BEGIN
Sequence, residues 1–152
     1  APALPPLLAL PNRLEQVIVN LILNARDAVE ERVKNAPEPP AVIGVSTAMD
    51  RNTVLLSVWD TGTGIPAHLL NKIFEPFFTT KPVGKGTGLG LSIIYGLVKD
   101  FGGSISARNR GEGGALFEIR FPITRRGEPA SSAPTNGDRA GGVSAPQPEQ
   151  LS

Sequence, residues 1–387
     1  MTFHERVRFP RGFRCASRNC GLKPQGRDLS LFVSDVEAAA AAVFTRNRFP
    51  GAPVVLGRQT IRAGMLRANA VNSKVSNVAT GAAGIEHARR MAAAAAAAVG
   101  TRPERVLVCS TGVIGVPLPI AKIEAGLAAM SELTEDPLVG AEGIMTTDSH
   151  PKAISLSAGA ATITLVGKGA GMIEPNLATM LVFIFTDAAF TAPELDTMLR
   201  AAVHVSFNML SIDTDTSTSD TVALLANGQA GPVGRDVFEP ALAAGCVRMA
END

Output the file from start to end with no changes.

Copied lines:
Sequence, residues 1–152
     1  APALPPLLAL PNRLEQVIVN LILNARDAVE ERVKNAPEPP AVIGVSTAMD
    51  RNTVLLSVWD TGTGIPAHLL NKIFEPFFTT KPVGKGTGLG LSIIYGLVKD
   101  FGGSISARNR GEGGALFEIR FPITRRGEPA SSAPTNGDRA GGVSAPQPEQ
   151  LS

Sequence, residues 1–387
     1  MTFHERVRFP RGFRCASRNC GLKPQGRDLS LFVSDVEAAA AAVFTRNRFP
    51  GAPVVLGRQT IRAGMLRANA VNSKVSNVAT GAAGIEHARR MAAAAAAAVG
   101  TRPERVLVCS TGVIGVPLPI AKIEAGLAAM SELTEDPLVG AEGIMTTDSH
   151  PKAISLSAGA ATITLVGKGA GMIEPNLATM LVFIFTDAAF TAPELDTMLR
   201  AAVHVSFNML SIDTDTSTSD TVALLANGQA GPVGRDVFEP ALAAGCVRMA